Surviving the Wait: Finding Transformation in the Transition
I’ve lost track of how many times I cried on my Nashville kitchen floor this year. Mostly because I just wasn’t happy there anymore and didn’t know what to do.
If I’m being completely honest (which is something I pride myself upon doing), I was unhappy for a large chunk of my second half living in BNA. I wasn’t thriving in the ways I envisioned. And because I was married to my writing career for nearly a decade (& am still in holy matrimony with it), I had little to no love life. My weeks, days, hours, minutes, seconds were dedicated to my career. And while I was (& still am) in love with creating music, I was no longer in love with the music industry. The increasing traffic inevitably slowed me down enough to the point I could no longer escape from confronting what I didn’t want to say out loud — after seven years, I needed to break up with music city.
But what did this even look like? And what would it mean for my music?
Well, it looked like putting my Nashville townhouse on the market for rent (which took way longer to fill & cost way more than I planned) and it looked like quitting five jobs and throwing my belongings + a decade’s worth of building my business into a moving truck. It looked like crossing state lines and pulling that moving truck into the driveway of my childhood home. And it looked like basically being a stay-at-home cat mom for a few months. ;)
It also looked like a tug of war between ego + inferiority — my ego winning the war when it came to feeling entitled in deserving a greater return on the investments I put into my music career, and my inferiority taking charge when facing the decision to temporarily move back into the home I grew up in .. as an adult.
I’m wired to enjoy doing a zillion things at once. Honestly, I’m great at being busy. So for me to envision moving home for an unknown amount of time (with my only income being from one freelance job + some music placements) didn’t play out very well in my mind. In fact, I wrestled so much with this idea that it spiraled into me crying on my parents’ kitchen floor. (I don't know what it is with me and kitchen floors and falling into tears on them .. perhaps it’s symbolic of a hunger I desperately want to satisfy but can’t find in the refrigerator.)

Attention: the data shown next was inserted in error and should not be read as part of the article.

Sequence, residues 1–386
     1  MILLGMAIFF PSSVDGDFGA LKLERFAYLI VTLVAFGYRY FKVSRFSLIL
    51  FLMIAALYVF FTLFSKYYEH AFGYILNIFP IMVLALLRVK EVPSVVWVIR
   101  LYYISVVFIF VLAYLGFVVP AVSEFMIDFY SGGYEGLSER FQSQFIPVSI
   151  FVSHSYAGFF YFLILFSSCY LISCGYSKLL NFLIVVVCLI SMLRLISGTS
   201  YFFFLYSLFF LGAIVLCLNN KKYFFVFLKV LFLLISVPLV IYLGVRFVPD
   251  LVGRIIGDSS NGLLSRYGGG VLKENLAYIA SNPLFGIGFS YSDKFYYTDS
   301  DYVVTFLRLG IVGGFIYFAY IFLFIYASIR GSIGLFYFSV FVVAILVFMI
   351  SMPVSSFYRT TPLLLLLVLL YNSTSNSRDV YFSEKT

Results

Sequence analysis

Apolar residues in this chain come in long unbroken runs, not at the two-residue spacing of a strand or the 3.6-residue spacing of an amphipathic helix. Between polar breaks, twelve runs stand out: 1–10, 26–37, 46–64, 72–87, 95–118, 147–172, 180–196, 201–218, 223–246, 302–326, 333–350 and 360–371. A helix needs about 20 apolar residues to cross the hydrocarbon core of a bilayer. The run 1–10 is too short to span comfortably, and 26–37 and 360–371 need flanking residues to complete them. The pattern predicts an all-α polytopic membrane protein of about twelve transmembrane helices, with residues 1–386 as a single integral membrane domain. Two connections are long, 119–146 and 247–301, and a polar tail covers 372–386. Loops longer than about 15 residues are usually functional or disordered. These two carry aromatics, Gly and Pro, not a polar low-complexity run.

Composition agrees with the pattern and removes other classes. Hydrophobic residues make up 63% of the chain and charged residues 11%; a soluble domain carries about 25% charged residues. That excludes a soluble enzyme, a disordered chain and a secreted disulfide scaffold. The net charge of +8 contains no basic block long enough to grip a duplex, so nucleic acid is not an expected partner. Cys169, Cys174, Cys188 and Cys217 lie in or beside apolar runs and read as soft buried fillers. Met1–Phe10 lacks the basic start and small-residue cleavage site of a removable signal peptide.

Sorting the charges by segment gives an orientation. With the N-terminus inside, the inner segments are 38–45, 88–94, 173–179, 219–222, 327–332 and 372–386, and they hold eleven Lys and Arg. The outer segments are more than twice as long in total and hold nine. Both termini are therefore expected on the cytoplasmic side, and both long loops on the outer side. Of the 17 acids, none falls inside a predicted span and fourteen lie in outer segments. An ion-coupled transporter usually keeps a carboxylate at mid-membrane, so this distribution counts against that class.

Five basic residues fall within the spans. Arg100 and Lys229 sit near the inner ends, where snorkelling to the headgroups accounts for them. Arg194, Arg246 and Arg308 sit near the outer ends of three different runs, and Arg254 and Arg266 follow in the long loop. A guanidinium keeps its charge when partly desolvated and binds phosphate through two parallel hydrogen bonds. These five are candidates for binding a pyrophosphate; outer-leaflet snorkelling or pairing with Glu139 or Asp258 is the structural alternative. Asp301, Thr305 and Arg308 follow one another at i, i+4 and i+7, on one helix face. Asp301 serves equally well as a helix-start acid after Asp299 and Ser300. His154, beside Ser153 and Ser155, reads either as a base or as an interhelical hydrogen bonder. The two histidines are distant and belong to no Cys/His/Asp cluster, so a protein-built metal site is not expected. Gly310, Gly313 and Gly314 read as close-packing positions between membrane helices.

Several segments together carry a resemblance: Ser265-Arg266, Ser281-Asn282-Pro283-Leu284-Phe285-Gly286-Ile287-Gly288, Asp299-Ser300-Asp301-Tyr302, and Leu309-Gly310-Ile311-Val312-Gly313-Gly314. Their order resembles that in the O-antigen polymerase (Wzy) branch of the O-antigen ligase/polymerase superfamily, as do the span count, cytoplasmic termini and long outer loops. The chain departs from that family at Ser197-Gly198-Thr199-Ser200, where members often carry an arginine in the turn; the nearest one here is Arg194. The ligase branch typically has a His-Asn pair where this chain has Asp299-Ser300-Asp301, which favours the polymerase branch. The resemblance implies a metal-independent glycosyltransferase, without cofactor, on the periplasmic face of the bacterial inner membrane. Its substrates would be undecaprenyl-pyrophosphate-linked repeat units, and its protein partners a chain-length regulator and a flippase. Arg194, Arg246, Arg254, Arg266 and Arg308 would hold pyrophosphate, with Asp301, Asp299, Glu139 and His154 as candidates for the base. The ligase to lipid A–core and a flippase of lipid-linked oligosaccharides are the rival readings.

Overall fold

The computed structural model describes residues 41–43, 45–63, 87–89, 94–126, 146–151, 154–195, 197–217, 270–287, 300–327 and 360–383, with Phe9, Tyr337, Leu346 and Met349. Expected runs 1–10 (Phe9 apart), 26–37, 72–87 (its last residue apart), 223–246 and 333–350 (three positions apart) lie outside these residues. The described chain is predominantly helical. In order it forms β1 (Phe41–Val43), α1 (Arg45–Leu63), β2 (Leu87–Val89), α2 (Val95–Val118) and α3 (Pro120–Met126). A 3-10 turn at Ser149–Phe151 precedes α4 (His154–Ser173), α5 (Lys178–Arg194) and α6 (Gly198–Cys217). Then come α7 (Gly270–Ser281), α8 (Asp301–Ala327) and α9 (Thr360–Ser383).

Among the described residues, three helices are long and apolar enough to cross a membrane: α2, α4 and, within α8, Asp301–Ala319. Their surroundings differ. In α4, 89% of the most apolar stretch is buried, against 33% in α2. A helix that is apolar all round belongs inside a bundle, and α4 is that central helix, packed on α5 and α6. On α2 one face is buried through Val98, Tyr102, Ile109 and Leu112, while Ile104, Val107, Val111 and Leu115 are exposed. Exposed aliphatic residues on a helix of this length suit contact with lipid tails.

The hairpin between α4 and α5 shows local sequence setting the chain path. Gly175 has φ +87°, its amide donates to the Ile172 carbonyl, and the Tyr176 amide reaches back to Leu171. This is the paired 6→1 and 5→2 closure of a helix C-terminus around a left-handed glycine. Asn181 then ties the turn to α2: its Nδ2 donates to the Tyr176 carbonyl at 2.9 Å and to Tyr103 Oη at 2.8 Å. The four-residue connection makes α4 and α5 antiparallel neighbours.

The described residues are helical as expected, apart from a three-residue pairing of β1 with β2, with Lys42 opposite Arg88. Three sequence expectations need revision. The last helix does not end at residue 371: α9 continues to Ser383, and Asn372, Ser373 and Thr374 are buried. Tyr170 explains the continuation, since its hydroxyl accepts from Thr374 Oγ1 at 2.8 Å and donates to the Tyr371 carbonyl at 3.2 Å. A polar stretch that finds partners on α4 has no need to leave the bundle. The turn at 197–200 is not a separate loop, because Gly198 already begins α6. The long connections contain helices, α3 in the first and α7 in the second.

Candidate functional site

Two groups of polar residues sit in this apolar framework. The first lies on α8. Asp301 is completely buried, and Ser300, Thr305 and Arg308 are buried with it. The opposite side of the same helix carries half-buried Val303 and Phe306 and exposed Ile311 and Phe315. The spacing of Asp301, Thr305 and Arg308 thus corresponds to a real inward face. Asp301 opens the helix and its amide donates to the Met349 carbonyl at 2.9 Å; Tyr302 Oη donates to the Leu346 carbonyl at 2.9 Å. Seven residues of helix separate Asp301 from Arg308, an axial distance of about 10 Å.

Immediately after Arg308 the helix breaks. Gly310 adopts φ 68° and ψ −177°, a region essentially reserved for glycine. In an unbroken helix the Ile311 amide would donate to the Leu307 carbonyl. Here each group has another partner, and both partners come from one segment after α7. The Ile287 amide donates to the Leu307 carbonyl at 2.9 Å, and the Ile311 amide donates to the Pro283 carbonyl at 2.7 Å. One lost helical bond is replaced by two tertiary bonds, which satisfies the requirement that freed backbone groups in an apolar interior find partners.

One month turned into two and two into three.
To keep my bank account as steady as possible meant I had to severely limit my spending (more than I already do .. truly I am the most frugal person that I know. Ask me the financial details of any travel adventure I’ve ever gone on, and I will happily tell you how cheap I am. ;) Traveling on a budget has actually become a game to me. And it’s a game I frequently win at. But that’s a conversation for a different time + a different blog.) Basically I’ve spent the majority of the last 90+ days working from my parents’ living room and not allowing myself to spend more than $20/week on ANYTHING considered a luxury item or luxury experience. (One wk I did splurge. I went a little mad and bought two sweaters from Kohl’s. I’m such a rebel.)
More than ninety whole days .. of creating music from Wisconsin, editing my novel - Sky High - from Wisconsin, freelancing from Wisconsin .. and interviewing. But SELECTIVELY interviewing. When I left Nashville, I knew two things: I wanted my next career move to be in a big city + I had to be a paid full-time writer. Anything else wasn’t the right path, I decided.
I fought with allowing myself to acknowledge this as a resting period. My parents so graciously opened their home to me (an offer I refused so many times over the last two years!) and they pleaded with me to take a rest. Seriously though, I don’t know how to rest well or to wait well. Even after all of this, I can’t say I’m good at either of those concepts. I cannot sit still no matter how hard I try to make myself. Even if it looks like I’m sitting still, my mind is making vision boards. Call me cliché, but I live with the mindset of living each day to its fullest because none of us know how much time we’re promised. I thrive on seizing opportunities thrown my way, knowing that tomorrow isn’t promised to any of us. And to be in the stage of my early thirties and live with my parents for a temporary time period screamed failure to me. And failure (or being perceived as a failure) is my greatest fear.